While dialing Mother Goose’s phone number, you are picking out in your mind a replacement alpaca from its herd. You are heartbroken. Mother Goose refuses your replacement request on the grounds that failure to reproduce due to auto accident is not covered. “The guarantee does not say that,” you reply. “I expect you to live up to the clear words of your guarantee.”
“Replacing Precious is unreasonable,” responds Mother Goose. “Our responsibility ends with supplying a sound animal. We had no control over the accident.”
This is a mess. A contract interpretation conflict will likely ensue. One of the parties will lose. The problem is that alpaca injury was never discussed. After the accident each party expects the wording to mean a different thing.
This is where the completeness aspect of the drafting process comes into play. Dealing with issues in an agreement is like painting a picture. Words shape and define the resolution of an issue like brush strokes shape and define a picture on canvas.
The Mother Goose guarantee is a smudge. It lacks the many brush strokes that bring into focus the hair, ears, and facial features of a portrait. A portrait painted with words is not complete until the questions “how, what, when, and where” are answered.
A complete guarantee would include a specific procedure for making claims. It would also include conditions that terminate the guarantee such as: (a) death of Precious or (b) illness, injury or buyer’s abuse or neglect rendering Precious unable to reproduce, carry a pregnancy to term, or produce a live birth.
Sharpening the smudge also requires agreement on what Mother Goose is to do if the guarantee is called upon. For example, the agreement might provide that if Precious does not carry to term the only obligation of Mother Goose is to rebreed Precious once at its farm without charge.
Sentences get longer as more details are brought into the picture. They must, however, be short enough to be easily understood. Also, pictures painted with words must be painted clearly so everybody looking at the agreement will see the same picture.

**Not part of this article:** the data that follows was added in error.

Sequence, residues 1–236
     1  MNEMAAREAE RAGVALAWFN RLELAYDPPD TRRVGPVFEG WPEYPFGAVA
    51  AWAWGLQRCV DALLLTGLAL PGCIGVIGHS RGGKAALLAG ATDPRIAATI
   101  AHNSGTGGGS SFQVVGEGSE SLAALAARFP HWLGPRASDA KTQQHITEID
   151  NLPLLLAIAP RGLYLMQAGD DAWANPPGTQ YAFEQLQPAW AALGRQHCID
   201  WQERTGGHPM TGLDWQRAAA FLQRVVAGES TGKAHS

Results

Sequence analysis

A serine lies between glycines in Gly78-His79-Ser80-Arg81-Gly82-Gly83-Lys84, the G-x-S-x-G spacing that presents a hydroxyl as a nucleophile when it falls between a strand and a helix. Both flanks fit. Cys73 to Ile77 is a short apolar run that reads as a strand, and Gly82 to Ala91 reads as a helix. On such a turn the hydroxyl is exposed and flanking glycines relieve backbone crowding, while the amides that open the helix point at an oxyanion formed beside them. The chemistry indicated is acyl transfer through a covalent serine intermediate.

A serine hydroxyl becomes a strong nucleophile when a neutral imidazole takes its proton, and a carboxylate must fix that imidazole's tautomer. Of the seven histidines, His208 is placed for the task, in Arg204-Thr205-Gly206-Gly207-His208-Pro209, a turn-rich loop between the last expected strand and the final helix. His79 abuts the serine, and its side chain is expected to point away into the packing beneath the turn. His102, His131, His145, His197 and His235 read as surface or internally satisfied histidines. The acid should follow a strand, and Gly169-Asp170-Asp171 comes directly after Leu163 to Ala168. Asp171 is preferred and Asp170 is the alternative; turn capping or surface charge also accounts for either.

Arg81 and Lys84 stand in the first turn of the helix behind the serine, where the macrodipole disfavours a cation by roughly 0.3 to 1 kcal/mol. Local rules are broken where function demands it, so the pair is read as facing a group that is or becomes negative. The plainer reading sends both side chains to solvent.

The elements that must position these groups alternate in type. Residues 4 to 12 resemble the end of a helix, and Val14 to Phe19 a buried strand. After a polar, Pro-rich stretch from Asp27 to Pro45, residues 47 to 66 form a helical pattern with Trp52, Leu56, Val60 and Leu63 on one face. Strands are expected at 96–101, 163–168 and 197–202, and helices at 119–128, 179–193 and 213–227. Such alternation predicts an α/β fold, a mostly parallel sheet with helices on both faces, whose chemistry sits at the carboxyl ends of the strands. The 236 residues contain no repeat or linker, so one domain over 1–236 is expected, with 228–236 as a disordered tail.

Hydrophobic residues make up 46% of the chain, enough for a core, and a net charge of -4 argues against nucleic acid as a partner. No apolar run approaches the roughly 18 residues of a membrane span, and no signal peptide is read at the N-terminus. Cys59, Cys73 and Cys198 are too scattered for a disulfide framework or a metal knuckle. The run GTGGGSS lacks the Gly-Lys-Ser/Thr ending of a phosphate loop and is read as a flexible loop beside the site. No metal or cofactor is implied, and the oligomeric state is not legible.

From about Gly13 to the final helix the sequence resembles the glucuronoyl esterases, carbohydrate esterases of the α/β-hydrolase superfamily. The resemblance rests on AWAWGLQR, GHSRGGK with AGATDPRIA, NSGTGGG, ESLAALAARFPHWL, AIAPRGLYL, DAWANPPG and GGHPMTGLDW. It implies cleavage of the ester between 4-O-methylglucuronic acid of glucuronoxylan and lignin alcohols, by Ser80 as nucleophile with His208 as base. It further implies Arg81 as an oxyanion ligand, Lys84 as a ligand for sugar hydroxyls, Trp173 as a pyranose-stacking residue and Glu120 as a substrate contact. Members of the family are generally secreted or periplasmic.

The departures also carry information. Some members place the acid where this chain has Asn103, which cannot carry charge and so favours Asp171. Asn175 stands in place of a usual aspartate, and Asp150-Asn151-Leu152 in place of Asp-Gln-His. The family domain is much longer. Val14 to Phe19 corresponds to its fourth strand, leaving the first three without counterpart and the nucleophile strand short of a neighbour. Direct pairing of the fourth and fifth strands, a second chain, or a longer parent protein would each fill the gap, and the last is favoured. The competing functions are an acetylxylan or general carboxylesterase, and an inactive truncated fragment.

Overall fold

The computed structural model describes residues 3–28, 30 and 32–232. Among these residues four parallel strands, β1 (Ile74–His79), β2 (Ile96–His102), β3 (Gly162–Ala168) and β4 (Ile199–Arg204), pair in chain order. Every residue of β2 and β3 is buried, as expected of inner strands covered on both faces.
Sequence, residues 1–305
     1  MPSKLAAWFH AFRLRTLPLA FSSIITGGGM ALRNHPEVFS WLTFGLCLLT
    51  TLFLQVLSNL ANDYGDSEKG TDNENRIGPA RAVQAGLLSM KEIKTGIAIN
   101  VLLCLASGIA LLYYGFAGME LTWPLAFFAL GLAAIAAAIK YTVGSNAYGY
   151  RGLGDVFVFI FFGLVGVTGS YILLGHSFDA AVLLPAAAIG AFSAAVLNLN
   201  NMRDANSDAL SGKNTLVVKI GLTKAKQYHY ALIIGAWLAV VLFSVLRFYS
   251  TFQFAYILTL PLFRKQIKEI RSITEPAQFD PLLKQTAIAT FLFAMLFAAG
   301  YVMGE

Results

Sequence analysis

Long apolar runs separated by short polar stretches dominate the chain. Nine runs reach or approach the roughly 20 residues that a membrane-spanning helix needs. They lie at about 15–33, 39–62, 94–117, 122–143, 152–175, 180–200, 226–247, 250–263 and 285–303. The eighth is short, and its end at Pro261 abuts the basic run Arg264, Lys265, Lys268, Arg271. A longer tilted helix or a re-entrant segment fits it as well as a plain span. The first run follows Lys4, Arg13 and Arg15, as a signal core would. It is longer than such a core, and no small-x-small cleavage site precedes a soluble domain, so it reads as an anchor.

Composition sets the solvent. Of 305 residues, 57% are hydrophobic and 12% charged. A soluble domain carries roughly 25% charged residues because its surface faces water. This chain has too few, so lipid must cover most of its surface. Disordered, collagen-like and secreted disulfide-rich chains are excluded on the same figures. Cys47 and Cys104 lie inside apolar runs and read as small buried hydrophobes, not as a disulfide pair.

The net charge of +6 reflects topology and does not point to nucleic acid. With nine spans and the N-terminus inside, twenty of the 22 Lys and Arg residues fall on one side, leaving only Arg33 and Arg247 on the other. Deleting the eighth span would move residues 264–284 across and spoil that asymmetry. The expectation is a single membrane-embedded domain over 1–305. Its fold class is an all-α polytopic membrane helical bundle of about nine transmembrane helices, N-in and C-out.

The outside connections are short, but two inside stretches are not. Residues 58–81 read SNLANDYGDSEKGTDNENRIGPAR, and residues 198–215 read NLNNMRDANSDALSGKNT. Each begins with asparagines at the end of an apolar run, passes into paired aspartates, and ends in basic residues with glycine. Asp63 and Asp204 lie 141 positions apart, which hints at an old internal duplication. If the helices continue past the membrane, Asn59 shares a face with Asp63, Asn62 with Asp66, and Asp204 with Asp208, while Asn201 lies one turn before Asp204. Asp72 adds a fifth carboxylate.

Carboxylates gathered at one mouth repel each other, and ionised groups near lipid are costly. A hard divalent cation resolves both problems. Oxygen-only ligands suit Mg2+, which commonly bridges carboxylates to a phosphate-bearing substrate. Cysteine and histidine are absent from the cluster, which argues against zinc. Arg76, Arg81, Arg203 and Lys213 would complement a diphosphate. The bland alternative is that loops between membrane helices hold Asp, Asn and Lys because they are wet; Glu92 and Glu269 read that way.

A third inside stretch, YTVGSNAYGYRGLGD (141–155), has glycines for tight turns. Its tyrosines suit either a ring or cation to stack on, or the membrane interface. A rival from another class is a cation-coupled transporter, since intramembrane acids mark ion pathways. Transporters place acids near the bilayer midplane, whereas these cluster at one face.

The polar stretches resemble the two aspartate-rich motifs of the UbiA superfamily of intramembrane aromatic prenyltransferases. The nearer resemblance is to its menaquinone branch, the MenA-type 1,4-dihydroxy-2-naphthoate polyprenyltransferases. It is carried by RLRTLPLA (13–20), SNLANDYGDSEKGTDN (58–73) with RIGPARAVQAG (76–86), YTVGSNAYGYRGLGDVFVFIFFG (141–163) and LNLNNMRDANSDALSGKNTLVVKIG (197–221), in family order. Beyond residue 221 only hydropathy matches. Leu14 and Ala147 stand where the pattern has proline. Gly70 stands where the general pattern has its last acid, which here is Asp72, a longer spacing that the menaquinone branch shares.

Completeness also requires the parties be imaginative. In the drafting process, they must think of as many conceivable, even though unlikely, issues as they can. If an issue arises as your agreement plays out that is not provided for in the agreement, one of the parties can easily end up a loser.
Consider a different scenario as an example. After you sign the purchase agreement and pay Mother Goose $20,000 but before you pick up Precious, a lightning bolt strikes a nearby tree dropping a limb on Precious. Her leg requires major surgery. The purchase agreement is silent as to who bears the risk of loss. Consequently, the party ending up paying this surprise bill will likely feel taken advantage of.
An agreement is like a road map. It shows how to get from where you are to where you want to be. Most importantly, though, it also shows alternate routes if the direct route becomes blocked as the agreement plays out. Like dots of ink on a map give rise to a visual path from here to there, words of an agreement string together to describe a procedure to get from here to there.
The most direct path to your goal of having Precious in your breeding stock is to give Mother Goose $20,000. Two potential roadblocks, or issues, are Precious failing to be able to reproduce and to carry her pregnancy to term. An alternate path is drawn around these roadblocks with Mother Goose’s guarantee.
No purchase agreement is perfect. So when a surprise happens, let the alpaca spirit protect all parties from being taken advantage of. This is not legal advice but merely a presentation of material to consider under the supervision of the attorney who guides your alpaca venture.